Oil reverses early gains, trades near $57 as supply glut prevails

By Reuters

Jan 02, 2015 06:54 AM EST

Brent crude LCOc1 reversed early gains to trade near $57 a barrel on Friday, as the glut of oil that has halved prices since June overshadowed investors repositioning at the start of the year for an eventual recovery.

Brent has fallen to its lowest since 2009 as top exporter Saudi Arabia and other large Gulf producers have declined to cut production in the face of fast-growing U.S. shale oil output, despite pleas from other members in the Organization of the Petroleum Exporting Countries (OPEC).

"Nothing has changed on the supply side. Unless there are some supply cuts, oil markets can't be strong at the moment," said Ken Hasegawa, commodity sales manager at Tokyo's Newedge Japan.

Brent crude LCOc1 for February delivery was up 8 cents at $57.41 at 0950 GMT (0450 ET), more than $1 below the day's high at $58.54, which was hit within 30 minutes of the open of trading. Prices touched a post-2009 low of $55.81 on Wednesday.

Traders said a number of buy orders would have been placed ahead of the start of the new year's trading, with some willing to bet prices will bounce this year as expensive oil projects are potentially shuttered or canceled.

Front-month U.S. crude CLc1 for February delivery was up 28 cents a barrel from Wednesday's close at $53.55, after reaching an intraday high of $55.11 shortly after the start of trading.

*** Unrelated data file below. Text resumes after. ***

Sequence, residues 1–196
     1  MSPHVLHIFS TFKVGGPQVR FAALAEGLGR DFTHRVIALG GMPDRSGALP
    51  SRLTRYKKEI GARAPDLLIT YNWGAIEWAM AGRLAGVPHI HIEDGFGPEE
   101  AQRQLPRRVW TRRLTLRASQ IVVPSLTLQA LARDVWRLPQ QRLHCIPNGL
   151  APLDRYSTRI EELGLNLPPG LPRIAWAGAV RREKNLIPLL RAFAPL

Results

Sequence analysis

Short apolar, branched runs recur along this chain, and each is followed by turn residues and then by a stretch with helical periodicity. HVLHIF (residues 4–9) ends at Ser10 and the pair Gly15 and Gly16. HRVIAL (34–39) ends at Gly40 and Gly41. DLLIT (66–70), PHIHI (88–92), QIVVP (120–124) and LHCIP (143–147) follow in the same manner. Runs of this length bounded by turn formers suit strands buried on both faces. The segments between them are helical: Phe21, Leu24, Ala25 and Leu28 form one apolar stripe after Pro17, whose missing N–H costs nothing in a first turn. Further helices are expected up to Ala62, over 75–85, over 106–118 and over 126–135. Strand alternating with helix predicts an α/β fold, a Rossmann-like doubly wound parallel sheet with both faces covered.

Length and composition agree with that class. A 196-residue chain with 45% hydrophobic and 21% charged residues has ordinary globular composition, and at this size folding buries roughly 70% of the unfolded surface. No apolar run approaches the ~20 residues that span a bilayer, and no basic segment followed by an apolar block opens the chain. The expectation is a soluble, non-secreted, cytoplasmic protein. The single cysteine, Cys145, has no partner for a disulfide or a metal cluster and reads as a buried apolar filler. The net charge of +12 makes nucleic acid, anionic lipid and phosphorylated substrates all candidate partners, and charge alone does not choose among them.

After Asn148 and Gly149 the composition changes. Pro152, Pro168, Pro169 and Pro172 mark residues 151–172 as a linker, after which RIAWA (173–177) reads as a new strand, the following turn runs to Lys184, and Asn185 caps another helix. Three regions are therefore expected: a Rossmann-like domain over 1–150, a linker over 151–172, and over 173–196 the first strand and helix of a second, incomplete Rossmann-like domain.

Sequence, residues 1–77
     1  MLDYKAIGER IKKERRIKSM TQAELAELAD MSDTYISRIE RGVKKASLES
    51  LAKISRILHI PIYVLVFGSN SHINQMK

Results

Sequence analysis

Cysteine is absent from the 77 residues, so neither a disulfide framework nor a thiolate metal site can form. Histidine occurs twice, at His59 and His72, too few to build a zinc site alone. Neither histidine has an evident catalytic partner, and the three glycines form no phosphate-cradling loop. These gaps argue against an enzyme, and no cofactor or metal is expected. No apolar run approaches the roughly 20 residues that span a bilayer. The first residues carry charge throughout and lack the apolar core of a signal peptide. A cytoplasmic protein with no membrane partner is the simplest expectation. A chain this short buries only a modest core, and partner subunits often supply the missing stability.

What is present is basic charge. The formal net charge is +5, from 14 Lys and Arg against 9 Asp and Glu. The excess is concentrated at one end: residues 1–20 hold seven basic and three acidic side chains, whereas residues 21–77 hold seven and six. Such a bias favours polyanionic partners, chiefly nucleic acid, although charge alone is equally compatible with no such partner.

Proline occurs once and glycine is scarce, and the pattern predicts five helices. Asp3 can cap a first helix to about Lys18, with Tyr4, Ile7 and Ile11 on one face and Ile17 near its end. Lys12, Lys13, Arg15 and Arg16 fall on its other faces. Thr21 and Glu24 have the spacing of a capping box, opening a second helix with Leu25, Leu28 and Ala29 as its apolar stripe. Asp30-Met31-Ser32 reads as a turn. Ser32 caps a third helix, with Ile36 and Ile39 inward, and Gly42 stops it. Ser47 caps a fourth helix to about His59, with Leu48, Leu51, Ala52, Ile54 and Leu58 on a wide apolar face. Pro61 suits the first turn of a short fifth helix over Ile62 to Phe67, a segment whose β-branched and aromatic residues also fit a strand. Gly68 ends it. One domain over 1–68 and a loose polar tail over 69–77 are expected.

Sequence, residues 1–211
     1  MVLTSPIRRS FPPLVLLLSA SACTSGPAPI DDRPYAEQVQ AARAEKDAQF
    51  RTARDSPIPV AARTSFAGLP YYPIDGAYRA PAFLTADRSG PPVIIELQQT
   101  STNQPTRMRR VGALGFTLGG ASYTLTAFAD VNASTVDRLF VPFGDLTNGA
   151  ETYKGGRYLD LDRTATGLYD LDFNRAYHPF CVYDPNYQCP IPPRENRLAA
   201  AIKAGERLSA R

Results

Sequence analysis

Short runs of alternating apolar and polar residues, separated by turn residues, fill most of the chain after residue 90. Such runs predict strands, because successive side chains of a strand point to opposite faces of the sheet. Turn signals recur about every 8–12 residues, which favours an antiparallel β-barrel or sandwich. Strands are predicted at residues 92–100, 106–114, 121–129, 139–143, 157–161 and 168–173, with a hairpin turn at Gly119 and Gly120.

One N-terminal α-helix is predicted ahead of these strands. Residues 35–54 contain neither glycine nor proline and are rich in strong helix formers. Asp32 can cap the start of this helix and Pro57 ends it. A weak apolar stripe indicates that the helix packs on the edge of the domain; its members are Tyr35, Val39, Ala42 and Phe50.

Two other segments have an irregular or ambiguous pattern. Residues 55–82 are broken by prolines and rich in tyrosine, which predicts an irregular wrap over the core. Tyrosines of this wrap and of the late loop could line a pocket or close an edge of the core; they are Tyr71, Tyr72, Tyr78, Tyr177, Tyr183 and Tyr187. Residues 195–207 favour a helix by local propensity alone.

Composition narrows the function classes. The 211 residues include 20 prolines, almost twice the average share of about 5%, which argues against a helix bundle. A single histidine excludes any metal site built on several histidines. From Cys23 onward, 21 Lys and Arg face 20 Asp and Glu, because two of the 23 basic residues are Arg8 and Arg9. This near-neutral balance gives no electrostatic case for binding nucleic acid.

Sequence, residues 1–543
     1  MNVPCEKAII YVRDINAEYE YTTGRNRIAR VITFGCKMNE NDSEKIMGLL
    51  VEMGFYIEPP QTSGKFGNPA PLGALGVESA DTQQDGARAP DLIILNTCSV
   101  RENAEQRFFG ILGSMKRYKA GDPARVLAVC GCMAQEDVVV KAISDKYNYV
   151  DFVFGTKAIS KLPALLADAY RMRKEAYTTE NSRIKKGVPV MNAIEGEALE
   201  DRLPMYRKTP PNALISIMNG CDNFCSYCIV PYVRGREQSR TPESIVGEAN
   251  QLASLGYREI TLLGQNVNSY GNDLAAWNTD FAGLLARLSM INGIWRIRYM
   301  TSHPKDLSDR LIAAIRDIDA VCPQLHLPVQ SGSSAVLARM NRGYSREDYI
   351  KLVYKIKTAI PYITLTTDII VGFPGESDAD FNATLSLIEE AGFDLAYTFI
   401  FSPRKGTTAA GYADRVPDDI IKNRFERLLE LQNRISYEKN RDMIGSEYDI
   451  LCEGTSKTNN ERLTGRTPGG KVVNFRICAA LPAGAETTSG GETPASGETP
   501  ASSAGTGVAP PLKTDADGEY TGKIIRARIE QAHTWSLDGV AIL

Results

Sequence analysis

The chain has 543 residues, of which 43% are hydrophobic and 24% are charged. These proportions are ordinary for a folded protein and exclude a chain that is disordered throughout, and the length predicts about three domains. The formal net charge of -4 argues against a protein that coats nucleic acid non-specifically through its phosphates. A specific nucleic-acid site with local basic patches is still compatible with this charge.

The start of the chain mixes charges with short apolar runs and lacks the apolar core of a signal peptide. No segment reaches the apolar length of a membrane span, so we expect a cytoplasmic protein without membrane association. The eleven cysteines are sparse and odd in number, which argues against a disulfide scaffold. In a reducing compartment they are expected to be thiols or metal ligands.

Markets were shut on Thursday for the New Year holiday.

Prices faced pressure on Friday after a senior Libyan oil official said a major fire in an oil storage tank at the North African country's largest crude export port had been extinguished.

Iraq, the second-largest producer in OPEC, said exports had averaged the highest since 1980 in December, reaching 2.94 million barrels per day.

Iran's deputy foreign minister on Thursday called on its regional rival Saudi Arabia to take action to support oil prices, saying producer countries across the Middle East will be hurt unless the slump is reversed.


The jump in oil prices early on Friday was also capped by surveys showing weak factory activity in China in December, which underlined the challenges facing the country's manufacturers as they fight rising costs and softening demand in the world's second-largest economy.

China's official Purchasing Managers' Index (PMI) slipped to 50.1 in December from November's 50.3, with weaker-than-expected oil demand growth in China last year contributing to the price collapse.

Euro zone manufacturing also ended 2014 on a subdued note as output, new orders and employment all recorded sluggish growth, a survey showed on Friday.

In the United States benchmark oil prices took some support from data on Wednesday showing inventories USOILC=ECI fell by 1.8 million barrels in the last week, but an increase of 2 million barrels at the U.S. crude contract's delivery hub of Cushing, Oklahoma kept gains in check.

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